“We’re all so mauled by information, but it’s recycled information. We need to shut it out. So, you’ve got to get bizarre. This is an artist’s purpose – to break away from the recycled. Performance art can do that.” (Jack Bowman) Breaking away from the recycled was exactly the theme of Ruskin Shorts 2015. Ruskin Shorts is an annual event which has been running for several years, and this was the first year the competition was based on performance art. The acts were strikingly innovative, even disturbing. We began with a show of extraordinary clothing designed to fit multiple people, by Mirren Kessling, and Mark Mindel, making a potion under a sheet with a haystack printed on it. The audience then proceeded downstairs to witness Simon Raven perform a strange busking act, using the sounds of a silver egg pregnancy charm, a slide whistle, a camera flash, and a novelty barrel orgab to echo the chimes of the ‘dreaming spires’ of Oxford. This was followed by a hilarious diaristic reading by George McGoldrick, a skype call by Angeli Bhose in avatar form, a clinical description of a series of unconscious bodies discovered after the allegations of chemical weapon use in Syria, and finally the serenading of an ‘iProp’ by Hannah Catherine Jones. Each brought into question a particular cultural norm through a brilliant mixture of soothing entertainment and unnerving absurdity, but especially probing was the work of Angeli Bhose. I spoke to her about her performance:
What was your performance and how did the idea come about?
For my performance, I took on the role of a character, Mystical Phistical. She is a yoga teacher, Watercolour Palm Tree Artist and the Ruskin School of Art’s first Visiting Digital Student (VDS). She is an avatar or character who I have been “working with”. Her yoga company has recently been bought up by oil giant Haliburton, and she’s also beginning to exhibit and sell her paintings on the side. Performing as her, I skyped our friend and fellow artist Elaine Ang to catch up, and discuss how ideas around commercialisation, collaboration with “unethical” companies, copyright, and artists’ labour are affecting us. The idea was that the audience would be almost awkwardlyspying on a loaded conversation, but also drawn close by a discussion of problems which affect all who live, work and distribute content in this contemporary context.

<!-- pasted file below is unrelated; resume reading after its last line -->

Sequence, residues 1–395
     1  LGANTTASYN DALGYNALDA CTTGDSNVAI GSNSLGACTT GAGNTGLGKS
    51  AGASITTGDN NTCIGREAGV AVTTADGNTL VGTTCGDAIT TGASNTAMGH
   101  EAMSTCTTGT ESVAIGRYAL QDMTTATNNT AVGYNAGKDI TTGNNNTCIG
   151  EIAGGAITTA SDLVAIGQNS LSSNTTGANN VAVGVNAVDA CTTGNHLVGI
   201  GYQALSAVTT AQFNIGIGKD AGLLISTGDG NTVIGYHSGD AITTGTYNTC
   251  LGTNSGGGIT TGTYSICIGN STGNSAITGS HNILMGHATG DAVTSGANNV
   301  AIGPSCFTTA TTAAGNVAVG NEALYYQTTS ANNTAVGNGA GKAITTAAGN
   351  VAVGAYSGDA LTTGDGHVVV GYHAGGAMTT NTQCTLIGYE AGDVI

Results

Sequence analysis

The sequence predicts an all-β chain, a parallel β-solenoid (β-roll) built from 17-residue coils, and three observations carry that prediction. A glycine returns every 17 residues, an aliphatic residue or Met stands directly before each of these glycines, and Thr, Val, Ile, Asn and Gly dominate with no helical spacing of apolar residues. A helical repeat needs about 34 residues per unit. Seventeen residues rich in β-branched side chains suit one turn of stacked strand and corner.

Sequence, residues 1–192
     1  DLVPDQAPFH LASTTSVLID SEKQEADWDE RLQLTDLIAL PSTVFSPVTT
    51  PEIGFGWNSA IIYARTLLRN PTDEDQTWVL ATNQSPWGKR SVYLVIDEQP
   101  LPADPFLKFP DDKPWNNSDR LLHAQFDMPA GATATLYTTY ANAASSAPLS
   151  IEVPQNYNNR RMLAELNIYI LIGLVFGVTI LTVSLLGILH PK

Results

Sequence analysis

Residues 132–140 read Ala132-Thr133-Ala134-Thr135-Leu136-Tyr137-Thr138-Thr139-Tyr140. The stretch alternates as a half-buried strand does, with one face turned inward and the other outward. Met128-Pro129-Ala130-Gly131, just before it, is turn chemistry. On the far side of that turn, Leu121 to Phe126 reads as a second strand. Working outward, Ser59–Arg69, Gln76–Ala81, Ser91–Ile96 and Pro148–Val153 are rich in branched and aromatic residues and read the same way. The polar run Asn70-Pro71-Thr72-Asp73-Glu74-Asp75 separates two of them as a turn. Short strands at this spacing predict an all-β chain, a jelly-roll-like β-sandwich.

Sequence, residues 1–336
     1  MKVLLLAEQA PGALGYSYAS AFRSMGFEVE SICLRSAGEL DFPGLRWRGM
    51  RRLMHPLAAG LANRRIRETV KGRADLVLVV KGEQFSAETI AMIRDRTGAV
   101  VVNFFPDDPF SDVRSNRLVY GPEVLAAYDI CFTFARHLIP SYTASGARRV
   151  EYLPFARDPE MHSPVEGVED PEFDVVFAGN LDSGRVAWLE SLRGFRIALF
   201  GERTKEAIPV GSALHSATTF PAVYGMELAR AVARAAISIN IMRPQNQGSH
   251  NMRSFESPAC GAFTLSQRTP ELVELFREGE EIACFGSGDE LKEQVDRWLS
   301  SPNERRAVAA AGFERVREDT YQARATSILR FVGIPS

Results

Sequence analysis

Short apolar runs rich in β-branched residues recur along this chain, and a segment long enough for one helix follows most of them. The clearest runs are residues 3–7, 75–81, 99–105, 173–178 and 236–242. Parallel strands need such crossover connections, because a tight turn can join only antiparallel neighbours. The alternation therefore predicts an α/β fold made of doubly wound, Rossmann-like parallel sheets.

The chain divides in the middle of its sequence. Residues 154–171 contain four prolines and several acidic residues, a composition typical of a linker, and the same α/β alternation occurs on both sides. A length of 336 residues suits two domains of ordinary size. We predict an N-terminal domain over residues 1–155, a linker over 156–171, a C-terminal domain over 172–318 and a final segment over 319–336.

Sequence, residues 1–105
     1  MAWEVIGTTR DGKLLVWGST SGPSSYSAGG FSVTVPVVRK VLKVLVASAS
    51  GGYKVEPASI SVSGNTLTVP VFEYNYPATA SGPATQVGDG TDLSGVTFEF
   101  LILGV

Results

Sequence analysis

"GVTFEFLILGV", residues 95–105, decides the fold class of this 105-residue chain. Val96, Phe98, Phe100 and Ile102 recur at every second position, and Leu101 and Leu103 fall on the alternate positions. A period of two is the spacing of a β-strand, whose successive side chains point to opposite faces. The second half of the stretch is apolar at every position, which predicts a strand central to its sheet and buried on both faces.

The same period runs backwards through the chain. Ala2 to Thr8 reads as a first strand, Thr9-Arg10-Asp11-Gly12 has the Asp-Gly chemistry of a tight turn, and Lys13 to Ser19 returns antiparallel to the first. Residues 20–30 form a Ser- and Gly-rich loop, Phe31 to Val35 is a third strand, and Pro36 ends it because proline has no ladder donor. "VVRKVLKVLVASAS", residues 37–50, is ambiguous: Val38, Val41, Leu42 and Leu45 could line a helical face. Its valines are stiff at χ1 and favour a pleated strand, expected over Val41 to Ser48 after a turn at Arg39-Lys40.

Why did you choose to engage with social media specifically?
Social media has become a central part of how we communicate and relate to each other. To me, it’s really important to find in artworks themes, materials and mediums that we deal with every day and to discuss how they might be affecting us. Social media has created new platforms for expression, but also as a storage space for personal information which can be used to target advertising and make us more likely to buy things which fit with our personal brand. Skype is a rare application where the information we input cannot be used in this way yet, so I felt it could be used to create a more open space for this discussion of issues in art and production. Elaine and I also Skype regularly anyway, and end up talking about many things which were discussed in the performance, so it felt honest and appropriate to use the same platform as we do other times we are “in dialogue”.
How does performance art compare with other forms of art?
As a medium, it has a directness of expression that feels unique. During a performance, a tension often descends on the room, and creates an atmosphere of concentration. This allows the artist to hold the attention of an audience member in a way that may not be possible if they were wondering through a gallery space, glancing at works, or walking past public outdoors work, for example. To me, it feels like a special platform where a relationship can be forged between the artist and the viewer through reciprocal concentration, presence and engagement, permitting a more open conversation.
What’s your opinion on the work of the other performance artists at Ruskin Shorts 2015?
I felt that overall it was a fantastic event. The range of performances was interesting to see, and the whole thing felt energetic and exciting. Foxymoron’s aria created by translating the code of a documentation photograph into Italian and singing it was dense, comic and transformative. Mark Mindel’s performance as some sort of creature making a potion out of beer and temporary tattoos whilst hidden by a printed blanket was enveloping, tense and careful. We were very lucky to have a full house and I really hope people keep coming to the Ruskin Shorts to see what’s going on in and around the Ruskin.
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